Iron as Ferrochel ferrous bisglycinate chelated formula 30 mg per capsule. 100 capsules.
This is the most gentle form of iron on the market today! 1 capsule = 30mg iron (as ferrous bisglycinate chelate) in veggie capsule
Iron is an important component of hemoglobin, myoglobin, and ferritin. These proteins are involved in the transport, storage, and release of oxygen to the tissues.
Iron supplementation is called for when any of the following are present: • Iron Deficiency Anemia/ Plummer-Vinson Syndrome
• Need for Supplemental Iron due to Age, Gender, Lifestyle
• Heavy Menstrual Periods
• Gastritis, Ulcer
• Social, Emotional, Learning Disorders, Breath-holding Spells in Children
Our custom formulated FORTIFY iron supplement uses fully-reacted chelates which are absorbed as foods (i.e. Protein) and as such this form of Iron will not cause the constipation seen with inorganic iron supplements. Since these chelates are absorbed as food, they do not compete with other minerals (i.e. Zinc and Copper) for absorption. The two Glycine molecules that protect the Iron (see illustration) are precursors to the protein Hemoglobin.
The (heme) component of hemoglobin is responsible for delivering iron and oxygen to peripheral tissues.
Iron deficiency presents as fatigue and is most common in individuals who experience loss of blood (menstruation, ulcers). Our FORTIFY iron supplement uses iron bis-glycinate which is less likely to have any of the gastrointestinal side- effects associated with standard iron supplementation such as constipation or gas.
FERRITIN – High and Low
By Dr. Marie Pace, DNM, CNC, HHP
Ferritin is a protein that contains iron and is the primary form of iron stored inside of cells. The small amount of ferritin that is released and circulates in the blood is a reflection of the total amount of iron stored in the body. Insufficient levels of circulating and stored iron may eventually lead to iron deficiency anemia (decreased hemoglobin). In the early stage of iron deficiency, no physical effects are usually seen and the amount of iron stored may be significantly depleted before any signs or symptoms of iron deficiency develop. If a person is otherwise healthy and anemia develops over a long period of time, symptoms seldom appear before the hemoglobin in the blood drops below the lower limit of normal.
The amount of ferritin stored reflects the amount of iron stored. In humans, it acts as a buffer against iron deficiency. Ferritin serves to store iron in a non-toxic form, to deposit it in a safe form, and to transport it to areas where it is required. If the ferritin level is low, there is a risk for lack of iron, which could lead to anemia.
Deficiency Symptoms will include fatigue, pale, weakness, fullness in epigastrium, trouble swallowing, coughing, dizziness and passing out, chest pain, trouble breathing, rapid heart beat, blood in stools, low blood pressure, heart murmur, low thyroid (due to inability to convert into thyroid hormones), hunger for strange substances, soreness of the mouth with cracks in the corners, leg cramps, tingling in the feet and hands. Iron deficiency, especially when it progresses into full-blown iron deficiency anemia, can cause hair loss. It sends your body into survival mode, so your body channels oxygen to support vital functions as opposed to ones like keeping your hair intact.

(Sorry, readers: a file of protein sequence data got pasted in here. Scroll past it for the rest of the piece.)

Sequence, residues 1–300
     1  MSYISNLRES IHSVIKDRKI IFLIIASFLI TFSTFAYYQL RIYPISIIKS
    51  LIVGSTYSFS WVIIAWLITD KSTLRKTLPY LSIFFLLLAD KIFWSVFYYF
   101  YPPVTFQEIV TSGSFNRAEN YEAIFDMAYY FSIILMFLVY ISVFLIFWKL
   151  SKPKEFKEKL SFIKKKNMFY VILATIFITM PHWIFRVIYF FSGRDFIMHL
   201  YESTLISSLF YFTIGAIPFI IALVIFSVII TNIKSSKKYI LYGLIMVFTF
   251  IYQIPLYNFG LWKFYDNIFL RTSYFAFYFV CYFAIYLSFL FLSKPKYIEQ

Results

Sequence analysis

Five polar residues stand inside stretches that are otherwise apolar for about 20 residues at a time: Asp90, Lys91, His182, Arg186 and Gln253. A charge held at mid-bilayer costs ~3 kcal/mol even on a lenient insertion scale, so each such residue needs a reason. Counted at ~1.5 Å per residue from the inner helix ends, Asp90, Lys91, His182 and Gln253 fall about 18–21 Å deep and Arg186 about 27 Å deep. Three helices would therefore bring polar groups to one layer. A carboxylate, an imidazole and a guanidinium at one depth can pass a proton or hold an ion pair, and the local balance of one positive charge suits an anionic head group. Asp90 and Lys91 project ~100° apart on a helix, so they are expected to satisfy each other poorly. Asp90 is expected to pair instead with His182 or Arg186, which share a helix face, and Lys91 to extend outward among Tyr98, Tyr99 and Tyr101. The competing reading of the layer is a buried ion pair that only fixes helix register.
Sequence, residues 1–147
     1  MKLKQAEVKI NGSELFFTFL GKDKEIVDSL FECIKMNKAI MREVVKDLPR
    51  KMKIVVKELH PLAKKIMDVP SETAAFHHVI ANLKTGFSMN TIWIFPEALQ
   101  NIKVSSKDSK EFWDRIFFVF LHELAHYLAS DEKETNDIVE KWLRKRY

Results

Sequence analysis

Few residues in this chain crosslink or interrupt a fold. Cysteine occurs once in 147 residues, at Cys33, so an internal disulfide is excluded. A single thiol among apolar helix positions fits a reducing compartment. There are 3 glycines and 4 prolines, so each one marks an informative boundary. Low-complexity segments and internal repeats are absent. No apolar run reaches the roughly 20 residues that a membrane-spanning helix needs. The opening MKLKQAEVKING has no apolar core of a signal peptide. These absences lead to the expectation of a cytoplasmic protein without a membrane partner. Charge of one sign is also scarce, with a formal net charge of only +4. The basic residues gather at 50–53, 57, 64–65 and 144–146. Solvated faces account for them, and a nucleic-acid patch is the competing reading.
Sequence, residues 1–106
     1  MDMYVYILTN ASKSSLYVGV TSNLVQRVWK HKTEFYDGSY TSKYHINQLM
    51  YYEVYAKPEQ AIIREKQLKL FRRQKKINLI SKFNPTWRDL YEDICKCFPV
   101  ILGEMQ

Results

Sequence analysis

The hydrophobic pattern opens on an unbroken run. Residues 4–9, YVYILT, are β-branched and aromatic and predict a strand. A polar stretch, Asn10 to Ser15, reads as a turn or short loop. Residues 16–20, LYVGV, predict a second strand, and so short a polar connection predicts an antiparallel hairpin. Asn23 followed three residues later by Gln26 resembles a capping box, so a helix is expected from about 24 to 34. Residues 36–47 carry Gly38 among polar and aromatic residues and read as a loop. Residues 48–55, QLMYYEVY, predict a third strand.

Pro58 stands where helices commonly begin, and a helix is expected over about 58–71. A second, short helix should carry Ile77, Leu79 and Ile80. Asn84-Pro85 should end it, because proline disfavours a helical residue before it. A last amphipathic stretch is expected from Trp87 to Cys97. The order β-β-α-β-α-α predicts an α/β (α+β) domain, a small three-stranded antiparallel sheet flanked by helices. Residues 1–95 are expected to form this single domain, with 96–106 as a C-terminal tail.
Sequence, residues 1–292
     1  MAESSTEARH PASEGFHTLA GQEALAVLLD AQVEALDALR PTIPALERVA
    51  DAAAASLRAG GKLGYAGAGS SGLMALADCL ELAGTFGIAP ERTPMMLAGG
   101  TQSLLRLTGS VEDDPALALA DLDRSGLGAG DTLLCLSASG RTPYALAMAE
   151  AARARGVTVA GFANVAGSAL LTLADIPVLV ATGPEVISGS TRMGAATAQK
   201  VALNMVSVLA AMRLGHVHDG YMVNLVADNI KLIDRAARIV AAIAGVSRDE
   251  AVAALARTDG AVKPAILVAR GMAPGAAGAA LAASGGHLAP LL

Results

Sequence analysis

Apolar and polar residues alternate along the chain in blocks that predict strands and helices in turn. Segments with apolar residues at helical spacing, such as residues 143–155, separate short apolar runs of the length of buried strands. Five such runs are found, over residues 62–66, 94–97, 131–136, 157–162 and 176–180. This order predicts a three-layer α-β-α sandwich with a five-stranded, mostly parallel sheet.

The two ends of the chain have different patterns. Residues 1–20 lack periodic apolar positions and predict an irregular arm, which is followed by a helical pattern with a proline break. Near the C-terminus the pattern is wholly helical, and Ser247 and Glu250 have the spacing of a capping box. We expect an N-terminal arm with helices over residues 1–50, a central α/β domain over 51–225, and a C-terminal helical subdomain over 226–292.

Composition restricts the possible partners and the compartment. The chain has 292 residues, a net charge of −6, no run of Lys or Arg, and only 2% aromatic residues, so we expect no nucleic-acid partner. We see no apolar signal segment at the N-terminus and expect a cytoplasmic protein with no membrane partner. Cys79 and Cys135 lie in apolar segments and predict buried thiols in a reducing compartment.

In the setting of anemia, low serum ferritin is the most specific lab test for iron deficiency anemia. Low ferritin may also indicate hypothyroidism, vitamin C deficiency or celiac disease
Your iron and ferritin levels are very important factor in your health. If these levels are low you may have a hard time tolerating thyroid treatment.
How does low ferritin affect adrenals? Good iron levels are needed for thyroid to be able to convert properly (T4 to T3) and for T3 to get to the cells as it should. Low iron causes extreme adrenal stress as your body cannot utilize thyroid properly (even your own) unless these levels are correct. Low iron also will cause your body to make more reverse T3 than T3 as it knows it cannot utilize it correctly so tries to lower the thyroid in the blood. It will also lower your TSH even when you are very hypothyroid already.
Low ferritin symptoms can mimic low cortisol, low thyroid and electrolyte imbalance symptoms. Some examples would be anxiety, high heart rate, heart palpitation, fatigue, weakness and more.
A high ferritin level when Sat and iron are in the optimal range could indicate inflammation. When serum iron and % sat are low and ferritin is high it means there is inflammation or possibly infection your body is dealing with and you still would need iron. Only when % sat and serum iron is good or high would you not need more iron.
The bottom line concerning HIGH Ferritin
- Elevated ferritin levels are usually due to causes such as acute or chronic inflammation, chronic alcohol consumption, liver disease, renal failure, metabolic syndrome, or malignancy rather than iron overload
- Exclude these causes clinically or with initial tests such as full blood count, liver and renal function, and inflammatory markers (C reactive protein or erythrocyte sedimentation rate)
- A normal serum transferrin saturation (ideally fasting) usually excludes iron overload (where it is raised) and suggests a reactive cause for raised ferritin
- Unexplained serum ferritin values >1000 μg/L warrant referral for further investigation
- Consider HFE mutation screen for hereditary haemochromatosis in individuals with elevated ferritin AND a raised transferrin saturation >45%
Ideally values should be:
Saturation should be 34-45%
TIBC should be 240-450ug
Serum Iron should be 100 – 130
Ferritin should be 70 – 90
BMJ British Medical Journal 2015; 351 doi: https://doi.org/10.1136/bmj.h3692 (Published 03 August 2015)Cite this as: BMJ 2015;351:h3692